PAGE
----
Well, they weren’t really “on me” a lot as a kid, with things like ‘You have to play…’ They simply supported what I wanted to do, while their peers or friends were probably saying ‘You’re getting up at 4am for hockey? Why are you doing this? And you’re buying him sticks that cost of hundreds of dollars?’ From my parents it was always ‘Hey, have fun. Do your thing. But don’t do it because you think we want you to do it. Do it because you love it.’ That was always cool and I think it’s why I pushed myself.
My group of friends and I have even told our parents ‘Thank you for shipping us off to Montreal at eight years old’ when everybody else in my class had never been out of California. They allowed us do things and see what’s out there. In California we thought we were hot shit. You go to Toronto and you get smoked 10-1 and you’re like ‘Wow, we need to work. I need to go home and shoot pucks, stick handle balls in the backyard, work out on the ice, etc.’
You still follow the Kings, so what do you think about how the team is progressing these days?
That’s still my team. It’s fun to just be a fan now and root for some of the guys I know on the team. I think they have a nice mix. Their youth is so strong, with guys like Jack and Kopi…and Doughty just blows everybody’s mind. They’ve also done a good job of bringing in some veteran guys, which you need on every team. You need those guys to show young players how to be a pro. How to eat, how to rest properly. When you’re young you just think you can hop on the ice and do it. For awhile you can, but all that stuff catches up to you at some point. So, you need that mix of youthful energy and veteran guys that have been there, done that.
Speaking of young guys, in your last season with the Monarchs you played with Kevin Westgarth. He’s expected to be with the Kings next year. What can you tell fans about Westie, both on and off the ice?
He’s had a very similar path to Parros. They even went to the same college, Princeton. They’re both these tough guys than can play though too. Later, when I played against him with Lowell, he surprised me. I was pretty impressed with his play and how he’d come along. He brings a lot of energy, he’s a good guy and is light hearted off the ice. I think you need to be that way after being so aggressive. Off the ice you have to keep it light hearted.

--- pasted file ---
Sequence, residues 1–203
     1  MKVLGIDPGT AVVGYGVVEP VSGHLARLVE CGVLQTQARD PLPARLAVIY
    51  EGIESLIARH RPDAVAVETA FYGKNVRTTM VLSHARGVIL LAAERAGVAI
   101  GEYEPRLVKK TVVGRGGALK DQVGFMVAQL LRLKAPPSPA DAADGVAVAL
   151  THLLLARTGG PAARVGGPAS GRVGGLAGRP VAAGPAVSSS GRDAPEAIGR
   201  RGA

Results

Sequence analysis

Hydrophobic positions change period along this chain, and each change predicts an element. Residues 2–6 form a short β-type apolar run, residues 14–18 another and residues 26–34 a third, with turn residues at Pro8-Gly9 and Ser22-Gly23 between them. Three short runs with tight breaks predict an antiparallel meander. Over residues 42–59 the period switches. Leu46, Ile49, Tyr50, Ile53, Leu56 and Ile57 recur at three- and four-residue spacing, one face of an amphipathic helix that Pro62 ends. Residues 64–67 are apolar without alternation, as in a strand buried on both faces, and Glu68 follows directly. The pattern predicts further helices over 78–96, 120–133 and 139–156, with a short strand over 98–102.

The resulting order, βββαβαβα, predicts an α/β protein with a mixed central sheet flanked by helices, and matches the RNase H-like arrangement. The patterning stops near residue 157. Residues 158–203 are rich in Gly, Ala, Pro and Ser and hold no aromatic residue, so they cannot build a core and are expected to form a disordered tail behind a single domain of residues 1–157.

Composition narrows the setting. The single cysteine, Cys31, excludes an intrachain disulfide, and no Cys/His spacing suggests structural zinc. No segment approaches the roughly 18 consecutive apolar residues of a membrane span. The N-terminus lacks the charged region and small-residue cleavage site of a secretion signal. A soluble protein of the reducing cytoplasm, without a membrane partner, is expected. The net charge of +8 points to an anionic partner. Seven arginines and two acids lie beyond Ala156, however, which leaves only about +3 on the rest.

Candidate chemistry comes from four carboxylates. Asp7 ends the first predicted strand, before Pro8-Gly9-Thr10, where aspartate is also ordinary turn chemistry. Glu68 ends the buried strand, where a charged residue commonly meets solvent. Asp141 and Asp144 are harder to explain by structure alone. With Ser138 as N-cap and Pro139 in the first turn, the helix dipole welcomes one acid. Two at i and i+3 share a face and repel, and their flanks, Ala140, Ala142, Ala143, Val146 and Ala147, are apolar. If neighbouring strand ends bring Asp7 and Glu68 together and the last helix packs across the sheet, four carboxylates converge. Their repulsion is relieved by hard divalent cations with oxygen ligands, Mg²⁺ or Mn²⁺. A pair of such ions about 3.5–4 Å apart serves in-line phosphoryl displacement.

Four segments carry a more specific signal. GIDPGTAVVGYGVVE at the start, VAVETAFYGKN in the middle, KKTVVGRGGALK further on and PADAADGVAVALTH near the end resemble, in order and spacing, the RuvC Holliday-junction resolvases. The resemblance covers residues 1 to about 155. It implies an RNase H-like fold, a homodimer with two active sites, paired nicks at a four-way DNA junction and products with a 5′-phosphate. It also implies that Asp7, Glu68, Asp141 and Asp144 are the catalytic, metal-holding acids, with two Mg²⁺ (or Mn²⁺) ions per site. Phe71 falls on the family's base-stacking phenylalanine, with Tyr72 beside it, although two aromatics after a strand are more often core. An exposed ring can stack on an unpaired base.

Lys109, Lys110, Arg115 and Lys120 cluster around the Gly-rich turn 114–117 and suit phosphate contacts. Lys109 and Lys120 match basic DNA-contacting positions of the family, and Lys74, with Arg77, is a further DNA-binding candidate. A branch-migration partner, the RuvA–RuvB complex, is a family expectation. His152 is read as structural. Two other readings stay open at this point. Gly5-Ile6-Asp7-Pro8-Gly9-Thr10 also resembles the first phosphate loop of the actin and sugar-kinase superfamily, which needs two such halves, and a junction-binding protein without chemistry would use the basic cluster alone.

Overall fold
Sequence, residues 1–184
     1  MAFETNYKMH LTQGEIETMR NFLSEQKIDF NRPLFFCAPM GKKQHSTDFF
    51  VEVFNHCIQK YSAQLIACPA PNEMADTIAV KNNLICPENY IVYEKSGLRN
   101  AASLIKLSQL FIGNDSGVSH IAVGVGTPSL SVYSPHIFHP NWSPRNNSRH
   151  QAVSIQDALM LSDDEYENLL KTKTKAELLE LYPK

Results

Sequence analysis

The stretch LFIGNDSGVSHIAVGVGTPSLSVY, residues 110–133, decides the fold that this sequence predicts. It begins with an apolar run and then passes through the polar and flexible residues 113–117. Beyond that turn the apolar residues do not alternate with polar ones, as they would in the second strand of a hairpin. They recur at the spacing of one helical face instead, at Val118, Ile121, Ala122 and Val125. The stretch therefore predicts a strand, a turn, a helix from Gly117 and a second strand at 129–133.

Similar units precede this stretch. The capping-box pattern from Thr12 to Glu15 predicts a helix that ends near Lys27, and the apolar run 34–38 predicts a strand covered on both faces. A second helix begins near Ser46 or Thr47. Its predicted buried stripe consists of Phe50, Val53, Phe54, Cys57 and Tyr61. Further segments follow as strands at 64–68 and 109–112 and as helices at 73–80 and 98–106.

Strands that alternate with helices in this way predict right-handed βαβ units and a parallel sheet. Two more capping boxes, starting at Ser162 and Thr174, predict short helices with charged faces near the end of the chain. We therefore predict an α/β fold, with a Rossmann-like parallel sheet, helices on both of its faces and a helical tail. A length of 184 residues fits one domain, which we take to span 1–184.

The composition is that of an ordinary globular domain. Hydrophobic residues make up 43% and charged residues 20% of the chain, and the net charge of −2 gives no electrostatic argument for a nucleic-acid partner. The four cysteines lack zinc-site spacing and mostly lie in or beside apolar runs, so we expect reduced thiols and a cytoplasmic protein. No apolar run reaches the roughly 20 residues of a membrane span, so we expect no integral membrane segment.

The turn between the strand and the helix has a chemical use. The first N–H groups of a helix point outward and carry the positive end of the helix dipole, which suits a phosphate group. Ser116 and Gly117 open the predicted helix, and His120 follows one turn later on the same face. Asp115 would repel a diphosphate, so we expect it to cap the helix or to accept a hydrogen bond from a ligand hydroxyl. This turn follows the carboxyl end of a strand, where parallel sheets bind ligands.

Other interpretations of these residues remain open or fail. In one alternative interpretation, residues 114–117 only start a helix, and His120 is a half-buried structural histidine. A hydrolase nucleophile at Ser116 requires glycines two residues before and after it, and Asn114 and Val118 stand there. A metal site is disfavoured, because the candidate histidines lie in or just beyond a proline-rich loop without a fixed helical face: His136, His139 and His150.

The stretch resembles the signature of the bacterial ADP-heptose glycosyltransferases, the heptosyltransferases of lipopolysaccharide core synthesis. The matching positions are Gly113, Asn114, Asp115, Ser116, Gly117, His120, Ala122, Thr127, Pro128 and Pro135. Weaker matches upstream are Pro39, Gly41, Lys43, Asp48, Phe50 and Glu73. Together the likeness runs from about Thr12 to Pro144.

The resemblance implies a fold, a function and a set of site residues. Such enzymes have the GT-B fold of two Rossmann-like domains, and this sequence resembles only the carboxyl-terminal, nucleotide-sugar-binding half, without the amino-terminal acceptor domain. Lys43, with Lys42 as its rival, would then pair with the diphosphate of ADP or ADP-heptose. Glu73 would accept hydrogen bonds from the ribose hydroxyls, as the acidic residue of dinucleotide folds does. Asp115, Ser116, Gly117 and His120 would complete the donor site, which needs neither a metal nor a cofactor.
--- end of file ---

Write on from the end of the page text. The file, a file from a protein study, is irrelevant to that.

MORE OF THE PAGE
The Kings are rumored to be interested in Ryan Malone of Tampa Bay. He was in the USHL back when you were there too. Any memories of him as a player?
He also went to St Cloud State, so we battled in college too. He’s great. He’s 6’4″ and his hands are unbelievable. He can move around the ice well. He looks like a giant out there. I thought he had a good Olympics too. Put him on a line with Kopi and I think he’ll do big things.
Final question, if somebody was to write a book about your life up to this point in time, what would it be called?
I feel like a gypsy. I’ve been calling myself a gypsy because since 16 it’s been ‘pack your bag and go live somewhere’ over and over. So, I feel Gypsy would be fitting for right now. However, I’m not sure if I’d go with that though because in Europe it’s a derogatory term. I might have to go with The Traveler for the international version of the book.
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From coast to coast here in America…and now over in Europe…Noah Clarke has just been doing what he loves – playing hockey, meeting people and enjoying life.
Someday, long after he retires…it would be great to see him play in a celebrity-alumni game against some guy in a Chewbacca suit. Damn, that would be funny.
5 MUST-READ ARTICLES:
Interview with Marcel Dionne – former star talks what makes LA special
Interview with Andy Murray – former Kings coach talks time in LA and key players
20 Questions with #20 – in-depth interview with Luc Robitaille just prior to his HOF induction
Interview with David Schultz – former Kings and Flyers bad boy, still holds NHL fighting record
Hugging the Post with Kelly Hrudey – what really went on back then
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photo courtesy of at Michael Zampelli